We wandered around and looked for a place to get lunch.

Eva wanted french fries. I ate part of one of my sandwiches. It's not that I'm healthy or much of a planner, mostly it's just that I'm stingy. But when we passed a poffertjessalon, I insisted that we return after we found a lunch for the others. I was not passing up on real poffertjes, which I have only had once or twice since moving to Middelburg.

We wandered further in search of French fries and ended up at the big, funky library. It was at this point that we realized we were not walking towards the museum, and it was even later, as we were eating poffertjes, that we realized were walking in quite a different direction.

But no matter. We gave up on the French fries, turned around and walked back to the poffertjessalon. We were waited on by a surly, big, tall, young-ish man, who gave us a lot of information about the menu while we all smiled up at the him. At the end, Dilyana said, "English?" in a pleading voice.

"Please," I added, and he said, "Oh," and said a lot less in English.

I must admit that I am more and more pleased with my ordering skills. On Friday I went to the Coffe House St. John with Anne and not only ordered the coffee I wanted in near-perfect Dutch but even asked to replace the plain whipped cream with the Mocha kind. The real problem comes afterward, when they say something in return and I have to admit that actually, I don't really speak it - or rather, that I can say certain sentences involving food and cafes, but have very small chance of understanding!

We had tea and coffee, and Dilyana and I each ordered poffertjes. I think I'll let my pictures do the talking...


Dilyana and I, happy with our poffertjes:

Dilyana and I, eating poffertjes:

Ah, good times.

We walked back towards the central station the way we came, and from there, towards the museum. Only really towards it this time.

Of course, we arrived there after three, which didn't leave us much time for wandering. By the time we had gotten to the more recent pieces, which is what I am really interested in, the guards were kicking us out. We couldn't even buy postcards. Luckily, though, most museums are free on Wednesdays, so we got in for free instead of having to pay 7 euros, and therefore we were not too disappointed about the time shortage.

We went for a walk in the garden, and then looked in a few more shop windows.

We went for a walk in the garden of the museum, and afterwards, we looked into some more shops.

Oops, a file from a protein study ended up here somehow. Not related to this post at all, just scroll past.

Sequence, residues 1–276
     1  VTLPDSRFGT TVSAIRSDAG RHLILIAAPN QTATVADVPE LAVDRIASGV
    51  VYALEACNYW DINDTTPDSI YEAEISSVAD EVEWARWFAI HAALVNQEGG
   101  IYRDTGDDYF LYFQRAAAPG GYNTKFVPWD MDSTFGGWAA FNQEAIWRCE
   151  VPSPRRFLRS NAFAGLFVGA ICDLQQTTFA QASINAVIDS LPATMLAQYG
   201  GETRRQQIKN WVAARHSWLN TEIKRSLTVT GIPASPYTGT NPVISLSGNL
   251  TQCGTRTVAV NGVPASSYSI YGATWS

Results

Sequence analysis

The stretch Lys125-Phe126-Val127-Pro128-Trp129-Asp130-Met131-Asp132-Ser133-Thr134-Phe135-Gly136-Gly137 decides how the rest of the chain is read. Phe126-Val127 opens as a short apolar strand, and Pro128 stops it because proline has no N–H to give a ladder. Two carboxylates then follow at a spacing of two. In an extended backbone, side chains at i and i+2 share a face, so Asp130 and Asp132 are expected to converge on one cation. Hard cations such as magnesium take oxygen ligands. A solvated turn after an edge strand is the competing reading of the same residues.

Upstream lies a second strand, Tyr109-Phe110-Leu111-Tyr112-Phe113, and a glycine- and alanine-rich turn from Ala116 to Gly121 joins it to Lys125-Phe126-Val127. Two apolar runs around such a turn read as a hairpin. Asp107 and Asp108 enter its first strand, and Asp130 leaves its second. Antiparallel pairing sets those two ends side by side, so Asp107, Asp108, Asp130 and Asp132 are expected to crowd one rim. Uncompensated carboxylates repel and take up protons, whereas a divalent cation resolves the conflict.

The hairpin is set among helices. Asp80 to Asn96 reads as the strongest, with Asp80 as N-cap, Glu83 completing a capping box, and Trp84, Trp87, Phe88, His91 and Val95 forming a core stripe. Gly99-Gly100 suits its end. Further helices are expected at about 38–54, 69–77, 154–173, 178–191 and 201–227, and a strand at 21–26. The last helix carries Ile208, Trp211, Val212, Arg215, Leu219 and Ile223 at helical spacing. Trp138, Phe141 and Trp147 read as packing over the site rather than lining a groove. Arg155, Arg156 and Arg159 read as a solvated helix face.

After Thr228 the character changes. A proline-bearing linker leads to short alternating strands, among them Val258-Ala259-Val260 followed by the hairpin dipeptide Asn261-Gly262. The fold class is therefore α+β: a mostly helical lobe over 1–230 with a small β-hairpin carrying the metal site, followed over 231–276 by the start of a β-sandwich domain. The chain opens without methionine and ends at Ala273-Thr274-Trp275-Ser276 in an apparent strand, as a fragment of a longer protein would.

We spent some time in a nice bookshop which made me especially happy because there was a black cat sitting on the stairs near the counter. Almost completely black; just a little bit of white on a few of its paws. I am always thinking about how nice it would be to have a cat her ein Middelburg. It could sit and sleep on your lap while you were up late studying and curl up on the carpet under the window on sunny afternoons. And I, who has my own door, could let it in and out of doors.

Unfortunately, students at the Roosevelt Academy are not allowed to keep pets, except a select few who get special permission and those who have small caged creatures and can therefore sneak around the rules. However, I have no interest in anything that forces me to clean up after it.

We passed another nice window with the best T-shirts ever:

And silly me, I forgot to write down the name of the store! How much I would love to have a T-shirt that says "spinach" on it in Dutch! For all I know, though, it was only a promotion or ad campaign... but I long for that shirt!

For dinner we went for Chinese food at a place that seemed pretty fast food-y to me. Originally, though, they had wanted to go to KFC, but luckily the line was too long. I wasn't hungry so I just bought a soda and nibbled on their food. Eva was disappointed with the quality, said it wasn't really like this, usually it was much better... I could have told her that, before we went in! But she says she has had pretty good Chinese food in similar places before, and I suppose she would know.

After this, we worked our way back to the train station. It was cold and very windy, and it was starting to rain a little, just enough to make it somewhat miserable. Our last bit of excitement came on the train platform, when an old couple approached us and the man said, "Well, see you tomorrow, in Middelburg!"

We all looked at him with very confused expressions on our faces, and he explained that he had seen us this morning in Middelburg and now he saw us again, getting the train back home.

We played a Bulgarian game, very similar to M.A.S.H., on the ride home, and said good evening to the man and his wife as we crossed the bridge over the first canal and into Middelburg.

Another nice thing about leaving Middelburg is that when you come back, it feels more like home.

Please forgive any awful and/or inexcusable typos; I had a hard enough getting the picture layout right and no patience remains for capitalizations, punctuation, spelling, or grammar, so please excuse me.